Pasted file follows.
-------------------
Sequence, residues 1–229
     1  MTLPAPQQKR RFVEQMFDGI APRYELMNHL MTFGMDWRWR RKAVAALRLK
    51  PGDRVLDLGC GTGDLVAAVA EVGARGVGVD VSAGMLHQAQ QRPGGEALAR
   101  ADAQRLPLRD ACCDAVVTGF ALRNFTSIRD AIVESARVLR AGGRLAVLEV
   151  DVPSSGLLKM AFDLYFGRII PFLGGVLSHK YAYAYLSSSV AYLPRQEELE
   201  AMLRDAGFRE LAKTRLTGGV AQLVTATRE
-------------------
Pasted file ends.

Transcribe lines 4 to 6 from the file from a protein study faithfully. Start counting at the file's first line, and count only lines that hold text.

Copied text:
   101  ADAQRLPLRD ACCDAVVTGF ALRNFTSIRD AIVESARVLR AGGRLAVLEV
   151  DVPSSGLLKM AFDLYFGRII PFLGGVLSHK YAYAYLSSSV AYLPRQEELE
   201  AMLRDAGFRE LAKTRLTGGV AQLVTATRE